Utah economist's family donates brain for hope after debilitating disease
SALT LAKE CITY (KUTV) Family of a Utah man who passed away after five years of slowly losing his mind to a debilitating disease wants a cure.
Currently, there’s no hope for patients diagnosed with Frontotemporal degeneration.
Jeff Thredgold was a prominent economist in Utah when the disease struck. He was working for Key Bank, was a celebrated author, went on speaking tours around the country, and even appeared on 2News occasionally – talking about Utah’s economy. But everything changed in 2012.
“No one noticed anything, that anything was wrong in any of his speeches, until July. Then it was clear he was not the man he was,” explained Jeff’s wife Lynette.
Jeff started acting out. At times he became aggressive, paranoid, angry and emotional. All the while, his family didn’t know what was going on.
“He ended up at Hill Air Force Base, he got lost, they had no idea what was happening to him. All of a sudden all these guns were at him. And he was forced to open up the trunk,” Lynette Thredgold explained.
His daughter Taylor, who worked with him, started noticing a change in his behavior at work.
She recalled one day in 2012, “he came into the office and he wanted to write a 'Tea Leaf' on War of the Worlds. He was so proud of that movie. and it was a good movie. but it did not need to be written on the 1,000-word newsletter that he wrote for 40 years. And I said, ‘Dad I'm not going to let you do this’, and he got so mad at me. And that's where it clicked,” Taylor explained.
Family sought help, but even with multiple hospital visits, doctors couldn't figure out what was wrong.
“During that time he had four hospital stays at psych wards. They thought he was bipolar,” Lynette said.
Finally, two years later, a doctor had an answer: Frontotemporal degeneration.
“I think it was hard on Jeff because he just heard this doctor tell us he would one day die of this and one day be a vegetable,” Lynette said.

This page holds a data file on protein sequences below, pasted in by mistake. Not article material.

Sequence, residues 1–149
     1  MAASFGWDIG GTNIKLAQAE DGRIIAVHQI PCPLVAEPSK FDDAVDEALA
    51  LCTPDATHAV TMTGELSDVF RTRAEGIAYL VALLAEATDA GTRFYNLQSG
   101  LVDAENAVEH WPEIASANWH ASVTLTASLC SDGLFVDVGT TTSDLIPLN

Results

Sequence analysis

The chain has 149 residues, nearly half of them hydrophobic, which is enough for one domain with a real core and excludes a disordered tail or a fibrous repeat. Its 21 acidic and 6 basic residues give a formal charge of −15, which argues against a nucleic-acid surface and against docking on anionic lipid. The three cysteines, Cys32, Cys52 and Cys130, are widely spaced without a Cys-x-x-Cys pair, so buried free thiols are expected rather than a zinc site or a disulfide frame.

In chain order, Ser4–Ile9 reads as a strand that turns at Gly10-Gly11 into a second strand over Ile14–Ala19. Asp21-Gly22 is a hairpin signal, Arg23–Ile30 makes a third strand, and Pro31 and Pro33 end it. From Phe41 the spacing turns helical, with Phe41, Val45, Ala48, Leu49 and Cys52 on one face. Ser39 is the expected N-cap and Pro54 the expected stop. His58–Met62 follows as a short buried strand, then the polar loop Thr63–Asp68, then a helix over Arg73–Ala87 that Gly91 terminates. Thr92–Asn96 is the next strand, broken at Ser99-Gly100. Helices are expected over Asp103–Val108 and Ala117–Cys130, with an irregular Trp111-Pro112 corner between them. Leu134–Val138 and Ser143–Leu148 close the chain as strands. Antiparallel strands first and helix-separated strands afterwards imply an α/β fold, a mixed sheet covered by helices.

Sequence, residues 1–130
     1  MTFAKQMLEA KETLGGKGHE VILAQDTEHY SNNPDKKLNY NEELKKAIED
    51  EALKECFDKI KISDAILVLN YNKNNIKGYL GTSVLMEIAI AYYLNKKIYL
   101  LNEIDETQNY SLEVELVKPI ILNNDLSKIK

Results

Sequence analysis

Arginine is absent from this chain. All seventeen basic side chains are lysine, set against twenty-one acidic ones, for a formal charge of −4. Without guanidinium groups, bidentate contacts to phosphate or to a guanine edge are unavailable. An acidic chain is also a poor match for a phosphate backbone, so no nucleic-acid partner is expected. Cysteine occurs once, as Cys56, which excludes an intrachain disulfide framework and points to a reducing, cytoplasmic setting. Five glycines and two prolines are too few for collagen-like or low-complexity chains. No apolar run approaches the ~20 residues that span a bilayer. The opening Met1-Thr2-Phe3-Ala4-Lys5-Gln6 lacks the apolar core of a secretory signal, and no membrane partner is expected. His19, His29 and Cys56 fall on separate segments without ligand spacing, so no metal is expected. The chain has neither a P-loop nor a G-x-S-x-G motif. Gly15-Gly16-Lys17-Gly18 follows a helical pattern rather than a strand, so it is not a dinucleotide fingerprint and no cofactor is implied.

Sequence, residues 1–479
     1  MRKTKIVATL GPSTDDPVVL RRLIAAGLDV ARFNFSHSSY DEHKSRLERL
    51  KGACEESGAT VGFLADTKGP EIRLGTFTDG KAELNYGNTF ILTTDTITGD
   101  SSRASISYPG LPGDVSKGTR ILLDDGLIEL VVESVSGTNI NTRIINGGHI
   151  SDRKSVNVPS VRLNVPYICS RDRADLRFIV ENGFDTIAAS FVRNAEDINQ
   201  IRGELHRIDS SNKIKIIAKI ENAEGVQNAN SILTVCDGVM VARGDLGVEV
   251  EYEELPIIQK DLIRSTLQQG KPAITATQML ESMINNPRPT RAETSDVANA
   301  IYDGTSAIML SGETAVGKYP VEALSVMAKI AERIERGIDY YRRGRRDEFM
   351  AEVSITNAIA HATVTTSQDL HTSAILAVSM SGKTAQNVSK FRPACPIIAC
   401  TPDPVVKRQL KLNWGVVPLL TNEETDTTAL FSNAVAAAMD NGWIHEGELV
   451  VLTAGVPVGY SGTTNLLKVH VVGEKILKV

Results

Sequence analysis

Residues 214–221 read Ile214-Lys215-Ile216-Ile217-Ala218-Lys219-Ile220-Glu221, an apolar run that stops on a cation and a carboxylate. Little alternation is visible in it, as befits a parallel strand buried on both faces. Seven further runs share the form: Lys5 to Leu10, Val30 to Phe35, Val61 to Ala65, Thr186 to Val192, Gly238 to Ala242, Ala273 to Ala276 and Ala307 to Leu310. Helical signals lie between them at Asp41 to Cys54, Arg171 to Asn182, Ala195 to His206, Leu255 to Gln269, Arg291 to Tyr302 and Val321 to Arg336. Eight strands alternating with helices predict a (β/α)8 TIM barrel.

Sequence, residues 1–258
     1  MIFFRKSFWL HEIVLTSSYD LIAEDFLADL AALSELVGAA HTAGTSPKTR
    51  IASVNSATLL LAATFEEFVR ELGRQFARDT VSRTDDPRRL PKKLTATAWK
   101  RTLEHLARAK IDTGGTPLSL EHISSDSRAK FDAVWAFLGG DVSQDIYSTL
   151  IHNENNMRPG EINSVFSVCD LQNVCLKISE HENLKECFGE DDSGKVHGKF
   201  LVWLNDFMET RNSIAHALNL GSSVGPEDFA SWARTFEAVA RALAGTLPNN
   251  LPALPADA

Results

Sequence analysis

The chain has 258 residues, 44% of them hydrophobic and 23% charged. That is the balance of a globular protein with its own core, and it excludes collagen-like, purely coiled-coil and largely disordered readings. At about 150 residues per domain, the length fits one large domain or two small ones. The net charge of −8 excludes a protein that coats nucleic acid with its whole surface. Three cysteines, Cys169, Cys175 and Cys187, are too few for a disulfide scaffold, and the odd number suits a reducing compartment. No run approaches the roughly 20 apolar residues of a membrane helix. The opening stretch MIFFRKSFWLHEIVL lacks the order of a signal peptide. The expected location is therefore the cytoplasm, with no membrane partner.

Currently, there’s no treatment and no cure for patients.
“FTD or Frontotemporal degeneration affects about 50 to 60,000 individuals in the US; it is categorized as a rare disease and it is a dementia,” explained Bonnie Shepherd, a member of the board of directors for the Association for Frontotemporal Degeneration.
Bonnie says it’s very difficult to diagnose the disease, and when it is unofficially diagnosed, there’s no hope. She says that needs to change.
“It’s very difficult to see, to lose the person that you knew,” Bonnie said.
Bonnie knows what the Thredgold family experienced, because she went through it too when her husband was diagnosed.
“It attacks people, men and women who are in the prime of their life. They're working, (they have) careers, they have this this behavior or language or some kind of issue. And it often takes a long time to diagnose. and it's very difficult for the family and for the children,” she said.
Bonnie says the association is working to fund research. The disease can't be officially diagnosed until a brain autopsy. That’s when doctors can tell whether a patient has a type of the disease that can be passed on to family.
Jeff's youngest daughter Taylor says she's worried for the future.
“I'm scared that I’ll get it, I'm scared that my siblings will get it,” Taylor Thredgold says. “Obviously we have a higher chance because there are signs of showing it's genetic.
Family says during moments of clarity before he died, Jeff decided to donate his brain to research, to hopefully find a cure, and prevent other family members, and other people, from facing this same disease.
We're doing this for his family, we're doing this for his children. Because the children are more likely to get this disease,” Lynette said.
For more information about FTD and the latest research, visit TheAFTD.org.